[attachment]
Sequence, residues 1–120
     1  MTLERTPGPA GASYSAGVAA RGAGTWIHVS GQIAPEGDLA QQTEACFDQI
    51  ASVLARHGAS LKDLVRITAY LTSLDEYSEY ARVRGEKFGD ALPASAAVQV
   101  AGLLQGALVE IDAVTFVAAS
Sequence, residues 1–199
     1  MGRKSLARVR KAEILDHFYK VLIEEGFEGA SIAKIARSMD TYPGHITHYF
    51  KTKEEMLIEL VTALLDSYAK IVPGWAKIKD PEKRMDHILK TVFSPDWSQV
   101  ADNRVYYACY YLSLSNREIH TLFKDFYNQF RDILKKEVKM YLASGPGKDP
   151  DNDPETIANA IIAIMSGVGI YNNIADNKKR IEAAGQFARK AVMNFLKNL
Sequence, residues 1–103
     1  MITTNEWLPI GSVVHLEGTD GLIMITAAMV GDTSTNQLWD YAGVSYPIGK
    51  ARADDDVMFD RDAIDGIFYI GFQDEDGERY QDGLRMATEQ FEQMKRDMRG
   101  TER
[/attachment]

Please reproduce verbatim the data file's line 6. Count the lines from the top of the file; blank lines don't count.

     1  MGRKSLARVR KAEILDHFYK VLIEEGFEGA SIAKIARSMD TYPGHITHYF